A Calus Question about Caluses.

Discussion in 'Orchestral Technique [DB]' started by Bin Son of Bin, Jan 14, 2013.

  1. Hi all. Good afternoon.

    My question today is on Caluses. In the Orchestral world, do we want serious caluses or not?

    I was noticing as I was practicing that my caluses were building up and thought of it as a good thing. I'm sure it helps with stopping strings of course but do Profesional Orchestral DB'ers want caluses or soft finger tips (or medium caluses?) for one reason or another?

  2. Although I'm in no way a professional, I would say "medium" is kind of what ends up happening...When I started playing seriously my fingers got really hard, almost like fingernails even. They were extremely difficult to maintain and had a lot of trouble with cracking. As I've continued to play, I've found that the caluses have almost integrated into my fingers; instead of having rock hard sections of dead skin, its almost like the pads on those fingers are just a little bit more durable than the others.

    I wouldn't worry about it too much, just take care of any problems you're having to make sure you don't get hurt!
  3. You say tomayto, I say tomarto. You say calus, I say callous. No matter, we still need some. The hardening and thickening comes from pressing and shifting yet without it there is pain from pressing strings down (especially in 1/2 Position) and shifting feels like you have the brakes locked on (made even worse if the neck is varnished and dirty!). No callous might also effect pitch, tone and vibrato because of the softness of the skin and pad. Too much may effect sensitivity of touch.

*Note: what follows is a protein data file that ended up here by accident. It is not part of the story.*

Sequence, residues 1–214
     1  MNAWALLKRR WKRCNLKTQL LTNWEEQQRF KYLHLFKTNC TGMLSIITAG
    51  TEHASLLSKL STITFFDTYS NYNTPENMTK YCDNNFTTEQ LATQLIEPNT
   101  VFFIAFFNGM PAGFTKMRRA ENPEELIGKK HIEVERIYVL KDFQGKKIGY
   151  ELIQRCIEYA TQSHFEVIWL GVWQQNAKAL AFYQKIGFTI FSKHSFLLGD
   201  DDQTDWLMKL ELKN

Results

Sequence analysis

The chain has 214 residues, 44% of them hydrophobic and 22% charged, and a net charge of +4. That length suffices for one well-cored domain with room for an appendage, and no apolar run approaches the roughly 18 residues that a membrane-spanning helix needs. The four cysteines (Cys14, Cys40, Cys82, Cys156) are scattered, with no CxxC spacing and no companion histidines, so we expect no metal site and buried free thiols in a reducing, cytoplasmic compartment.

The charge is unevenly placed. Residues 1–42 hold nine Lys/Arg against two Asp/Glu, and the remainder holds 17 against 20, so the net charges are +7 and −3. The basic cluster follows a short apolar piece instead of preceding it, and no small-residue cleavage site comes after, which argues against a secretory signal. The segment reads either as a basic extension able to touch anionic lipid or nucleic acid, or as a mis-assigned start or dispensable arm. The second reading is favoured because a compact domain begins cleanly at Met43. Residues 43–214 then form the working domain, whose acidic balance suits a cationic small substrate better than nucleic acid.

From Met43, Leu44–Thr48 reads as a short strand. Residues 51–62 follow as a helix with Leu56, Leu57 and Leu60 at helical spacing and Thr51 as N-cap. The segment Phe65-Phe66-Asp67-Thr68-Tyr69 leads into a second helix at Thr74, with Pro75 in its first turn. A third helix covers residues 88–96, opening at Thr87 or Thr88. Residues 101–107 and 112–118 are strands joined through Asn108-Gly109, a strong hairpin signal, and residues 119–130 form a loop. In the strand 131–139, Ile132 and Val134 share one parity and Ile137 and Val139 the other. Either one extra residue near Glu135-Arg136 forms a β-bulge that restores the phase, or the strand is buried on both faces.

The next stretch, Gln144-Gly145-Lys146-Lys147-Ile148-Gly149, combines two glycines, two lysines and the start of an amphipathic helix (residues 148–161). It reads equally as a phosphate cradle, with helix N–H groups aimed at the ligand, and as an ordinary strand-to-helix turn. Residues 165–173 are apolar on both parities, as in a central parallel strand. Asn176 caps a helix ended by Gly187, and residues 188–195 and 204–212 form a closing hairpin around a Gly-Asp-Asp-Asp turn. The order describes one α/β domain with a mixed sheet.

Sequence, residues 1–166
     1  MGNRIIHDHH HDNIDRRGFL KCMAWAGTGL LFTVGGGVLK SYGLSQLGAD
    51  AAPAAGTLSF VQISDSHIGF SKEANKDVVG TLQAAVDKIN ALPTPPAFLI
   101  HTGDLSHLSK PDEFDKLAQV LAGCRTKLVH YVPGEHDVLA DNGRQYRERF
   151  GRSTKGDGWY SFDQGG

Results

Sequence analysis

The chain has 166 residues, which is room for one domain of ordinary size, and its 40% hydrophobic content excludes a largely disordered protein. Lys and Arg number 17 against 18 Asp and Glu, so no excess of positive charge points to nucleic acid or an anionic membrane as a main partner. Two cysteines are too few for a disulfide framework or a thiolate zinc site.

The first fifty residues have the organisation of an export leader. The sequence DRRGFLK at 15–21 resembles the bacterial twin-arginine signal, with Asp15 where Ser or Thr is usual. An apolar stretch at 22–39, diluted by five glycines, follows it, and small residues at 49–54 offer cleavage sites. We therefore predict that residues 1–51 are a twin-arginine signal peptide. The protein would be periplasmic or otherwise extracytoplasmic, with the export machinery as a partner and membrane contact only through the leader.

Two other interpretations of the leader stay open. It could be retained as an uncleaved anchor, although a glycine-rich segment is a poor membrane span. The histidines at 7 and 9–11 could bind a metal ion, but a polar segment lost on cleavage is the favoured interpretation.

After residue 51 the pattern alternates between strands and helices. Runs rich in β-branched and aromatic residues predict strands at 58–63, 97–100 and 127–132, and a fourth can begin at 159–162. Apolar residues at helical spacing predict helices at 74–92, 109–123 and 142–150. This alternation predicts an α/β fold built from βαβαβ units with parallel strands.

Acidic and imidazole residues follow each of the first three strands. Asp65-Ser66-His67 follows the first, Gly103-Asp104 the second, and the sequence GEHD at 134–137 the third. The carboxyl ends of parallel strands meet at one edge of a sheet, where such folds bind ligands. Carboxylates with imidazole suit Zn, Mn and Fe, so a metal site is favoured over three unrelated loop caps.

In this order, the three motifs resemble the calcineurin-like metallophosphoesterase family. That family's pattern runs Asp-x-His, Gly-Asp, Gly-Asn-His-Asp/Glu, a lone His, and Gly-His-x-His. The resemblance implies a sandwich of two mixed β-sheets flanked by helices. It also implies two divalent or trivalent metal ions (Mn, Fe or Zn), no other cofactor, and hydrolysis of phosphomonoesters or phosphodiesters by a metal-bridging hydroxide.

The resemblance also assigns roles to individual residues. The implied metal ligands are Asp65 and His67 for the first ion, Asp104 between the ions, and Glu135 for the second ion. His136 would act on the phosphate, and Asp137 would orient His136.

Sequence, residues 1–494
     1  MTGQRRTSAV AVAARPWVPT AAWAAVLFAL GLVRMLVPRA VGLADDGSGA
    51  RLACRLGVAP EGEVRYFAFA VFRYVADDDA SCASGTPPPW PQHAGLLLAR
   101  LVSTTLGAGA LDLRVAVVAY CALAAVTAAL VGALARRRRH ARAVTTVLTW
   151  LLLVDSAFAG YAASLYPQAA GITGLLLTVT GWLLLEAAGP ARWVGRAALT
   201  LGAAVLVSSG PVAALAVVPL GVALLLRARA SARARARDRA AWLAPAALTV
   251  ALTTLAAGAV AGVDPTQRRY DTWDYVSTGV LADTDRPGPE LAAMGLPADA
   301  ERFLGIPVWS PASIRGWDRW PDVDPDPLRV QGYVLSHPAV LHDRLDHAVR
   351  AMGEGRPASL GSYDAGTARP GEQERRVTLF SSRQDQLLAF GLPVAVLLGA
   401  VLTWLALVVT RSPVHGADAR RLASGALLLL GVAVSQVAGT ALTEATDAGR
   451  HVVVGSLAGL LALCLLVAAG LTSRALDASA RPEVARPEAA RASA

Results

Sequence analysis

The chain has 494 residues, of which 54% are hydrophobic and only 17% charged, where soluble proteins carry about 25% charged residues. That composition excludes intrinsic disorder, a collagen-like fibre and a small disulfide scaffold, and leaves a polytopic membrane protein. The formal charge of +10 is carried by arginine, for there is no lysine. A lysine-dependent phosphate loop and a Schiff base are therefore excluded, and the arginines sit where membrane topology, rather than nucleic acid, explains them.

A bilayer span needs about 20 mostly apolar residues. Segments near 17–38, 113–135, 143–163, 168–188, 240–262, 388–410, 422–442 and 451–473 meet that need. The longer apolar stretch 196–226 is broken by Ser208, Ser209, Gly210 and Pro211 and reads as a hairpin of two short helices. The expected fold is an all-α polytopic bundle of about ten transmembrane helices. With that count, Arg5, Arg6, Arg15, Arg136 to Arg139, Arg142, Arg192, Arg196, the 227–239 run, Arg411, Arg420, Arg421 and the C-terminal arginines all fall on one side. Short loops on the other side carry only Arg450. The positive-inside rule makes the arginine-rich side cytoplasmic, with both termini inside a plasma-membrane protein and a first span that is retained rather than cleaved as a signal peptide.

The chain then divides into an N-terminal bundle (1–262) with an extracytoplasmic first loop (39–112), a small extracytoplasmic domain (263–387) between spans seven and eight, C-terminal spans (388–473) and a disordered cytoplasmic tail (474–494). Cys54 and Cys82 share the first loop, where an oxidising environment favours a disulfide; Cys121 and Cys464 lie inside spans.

So, I go with the idea of medium (or some) callousing. I have never had a lot of problems with callouses splitting and usually only get some splits at the corners of the nails. We don't have tough cold dry winters here. It is easy to control the degree of callousing with moisturizer applied after washing and only lightly drying your hands.

    A tip from one of my old stand partners. If your fingers pads are soft and you have trouble with shifting freely, risking tearing the ends off your fingers, then reach up and touch your temple. There is a little bit of oil on your skin from perspiration that will instantly make shifting easier. Oh, the downside is that you do have to wipe down the fingerboard more often! Yuk!!

  4. ekspain


    Feb 22, 2008
    If you're still playing 20 years from now, you won't think twice about it. I thank God for those "Caluses" every day. One thing that's trippy is to see the difference in the length of the fingers on the right vs left hand. They seem so much longer on my left hand! Thanks to them Callous!
  5. I recall times when my calused fingers sort of became plastic-like. I couldn't operate one of those light switches that you're only supposed to touch. Oh, also a lamp with the same touch function.
  6. It depends on your skin... mine has gotten to the point where it feels more or less the same on each hand, except for the lack of fingerprints on my left hand, but I don't get blisters or pain any more. Some people get big thick callouses, I don't.
  7. chicagodoubler


    Aug 7, 2007
    Chicago, that toddling town
    Endorsing Artist: Lakland, Genz Benz
    It varies from person to person, and also depends on how much you are practicing.
  8. VegasGutPlucker


    Oct 14, 2008
    I knew a guy who never washed his hands and maintained thick, tree bark-like callouses. It worked for him, but I enjoy a woman's company, so I agree with the medium approach. Keeping the skin moisturized but appropriately stressed by playing causes the callouses to settle into the skin, creating a pad within it, instead of a crust without it.